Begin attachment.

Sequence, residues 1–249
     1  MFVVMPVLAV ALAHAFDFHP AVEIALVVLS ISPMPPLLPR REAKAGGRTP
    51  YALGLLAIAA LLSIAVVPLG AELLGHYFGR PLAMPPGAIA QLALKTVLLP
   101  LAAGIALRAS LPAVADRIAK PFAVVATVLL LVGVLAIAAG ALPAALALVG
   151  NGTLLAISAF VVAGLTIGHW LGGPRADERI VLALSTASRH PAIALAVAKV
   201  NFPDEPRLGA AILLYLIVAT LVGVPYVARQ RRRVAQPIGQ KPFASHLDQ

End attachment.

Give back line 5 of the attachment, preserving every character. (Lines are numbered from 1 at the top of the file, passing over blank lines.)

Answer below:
   151  NGTLLAISAF VVAGLTIGHW LGGPRADERI VLALSTASRH PAIALAVAKV